Guest post from Dr. Greg Bowman, University of California, Berkeley

Markov state models

(MSMs) are a powerful approach for investigating the dynamics of proteins and

other biomolecules. The Folding@home team has helped to pioneer the development

of these methods and continues to make important contributions to their further

development. For example, the Huang lab

at the Hong Kong University of Science and Technology has created an exciting

new method for coarse-graining Markov models (the paper is available here).

One of the major

challenges in this area is that the high-resolution Markov models capable of

making quantitative predictions of experiments often have tens of thousands of

parts. As you can imagine, it is hard to

look at each of these parts and the interactions between them to understand the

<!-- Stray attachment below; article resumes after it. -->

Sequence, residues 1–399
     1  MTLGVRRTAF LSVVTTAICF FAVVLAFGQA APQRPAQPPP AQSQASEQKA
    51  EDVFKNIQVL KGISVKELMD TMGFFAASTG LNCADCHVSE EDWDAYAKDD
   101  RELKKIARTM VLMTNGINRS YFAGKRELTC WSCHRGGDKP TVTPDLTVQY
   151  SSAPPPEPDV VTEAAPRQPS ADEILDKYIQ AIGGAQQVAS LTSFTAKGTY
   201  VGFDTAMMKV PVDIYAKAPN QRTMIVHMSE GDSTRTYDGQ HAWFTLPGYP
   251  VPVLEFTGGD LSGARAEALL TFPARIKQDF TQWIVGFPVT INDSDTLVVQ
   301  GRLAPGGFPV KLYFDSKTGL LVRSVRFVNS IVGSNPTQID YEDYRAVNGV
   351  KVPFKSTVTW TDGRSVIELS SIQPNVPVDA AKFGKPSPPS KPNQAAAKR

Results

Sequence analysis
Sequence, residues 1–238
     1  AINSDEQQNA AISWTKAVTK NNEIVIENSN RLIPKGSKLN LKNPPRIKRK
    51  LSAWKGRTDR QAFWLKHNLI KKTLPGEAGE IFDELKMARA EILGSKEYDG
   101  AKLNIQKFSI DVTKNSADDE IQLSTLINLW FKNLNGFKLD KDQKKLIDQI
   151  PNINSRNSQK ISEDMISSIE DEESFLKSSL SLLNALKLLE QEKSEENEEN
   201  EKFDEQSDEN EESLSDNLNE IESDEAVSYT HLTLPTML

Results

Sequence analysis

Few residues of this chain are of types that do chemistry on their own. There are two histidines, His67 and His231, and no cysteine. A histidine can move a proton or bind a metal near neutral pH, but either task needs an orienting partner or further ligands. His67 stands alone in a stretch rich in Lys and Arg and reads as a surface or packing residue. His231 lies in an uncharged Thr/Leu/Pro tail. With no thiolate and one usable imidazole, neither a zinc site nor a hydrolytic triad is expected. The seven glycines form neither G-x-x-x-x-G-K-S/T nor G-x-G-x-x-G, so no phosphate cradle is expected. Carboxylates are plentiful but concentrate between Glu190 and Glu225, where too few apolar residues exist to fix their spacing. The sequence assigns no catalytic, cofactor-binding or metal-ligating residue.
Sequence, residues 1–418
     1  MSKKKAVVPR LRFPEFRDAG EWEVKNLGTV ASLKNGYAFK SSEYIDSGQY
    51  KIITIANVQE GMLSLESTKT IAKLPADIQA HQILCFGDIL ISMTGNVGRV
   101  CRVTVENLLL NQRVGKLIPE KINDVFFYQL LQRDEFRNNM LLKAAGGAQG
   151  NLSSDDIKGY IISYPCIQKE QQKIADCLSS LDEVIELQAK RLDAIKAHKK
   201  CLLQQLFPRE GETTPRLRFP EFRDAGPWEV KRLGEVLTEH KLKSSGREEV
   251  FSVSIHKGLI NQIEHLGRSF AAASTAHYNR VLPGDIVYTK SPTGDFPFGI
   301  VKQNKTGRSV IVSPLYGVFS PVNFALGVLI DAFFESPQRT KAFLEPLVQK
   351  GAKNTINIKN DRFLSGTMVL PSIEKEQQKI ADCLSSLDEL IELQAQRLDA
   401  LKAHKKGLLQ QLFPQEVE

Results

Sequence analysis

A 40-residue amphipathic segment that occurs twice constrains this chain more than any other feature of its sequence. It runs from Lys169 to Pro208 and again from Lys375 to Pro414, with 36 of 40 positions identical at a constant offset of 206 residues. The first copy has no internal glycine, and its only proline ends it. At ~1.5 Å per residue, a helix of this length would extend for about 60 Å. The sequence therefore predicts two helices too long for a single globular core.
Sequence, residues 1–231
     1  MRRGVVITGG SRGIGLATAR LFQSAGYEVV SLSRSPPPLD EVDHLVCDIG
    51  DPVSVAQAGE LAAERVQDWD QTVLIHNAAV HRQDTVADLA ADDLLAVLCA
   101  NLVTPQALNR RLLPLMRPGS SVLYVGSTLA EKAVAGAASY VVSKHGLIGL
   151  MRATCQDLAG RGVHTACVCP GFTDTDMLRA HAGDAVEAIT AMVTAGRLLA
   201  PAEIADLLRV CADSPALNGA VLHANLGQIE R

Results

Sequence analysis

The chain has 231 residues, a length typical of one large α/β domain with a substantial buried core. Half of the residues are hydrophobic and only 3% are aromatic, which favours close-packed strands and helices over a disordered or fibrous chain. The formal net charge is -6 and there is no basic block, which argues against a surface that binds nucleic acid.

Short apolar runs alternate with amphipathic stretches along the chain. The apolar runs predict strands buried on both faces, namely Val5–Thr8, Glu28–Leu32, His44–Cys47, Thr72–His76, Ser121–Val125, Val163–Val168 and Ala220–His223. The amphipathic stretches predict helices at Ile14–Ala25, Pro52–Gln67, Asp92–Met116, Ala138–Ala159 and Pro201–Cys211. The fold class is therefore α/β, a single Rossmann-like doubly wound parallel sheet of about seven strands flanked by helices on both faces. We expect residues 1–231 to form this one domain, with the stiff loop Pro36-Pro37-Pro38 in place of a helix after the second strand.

model. Therefore, it is valuable to

create a new model with, say, a dozen states that still captures much of the

behavior of the more complex model.

The new method from

the Huang lab makes use of a mathematical principle called a Nystrom expansion

to build more accurate coarse-grained models.

The key advantage of this approach is that one can quickly identify the

most important pieces of a model and prove that the remaining pieces can safely

be ignored (or merged into the more important parts). As a proof of principle, the Huang lab has

shown they can build much better models for a few small proteins than is

possible with previous methods.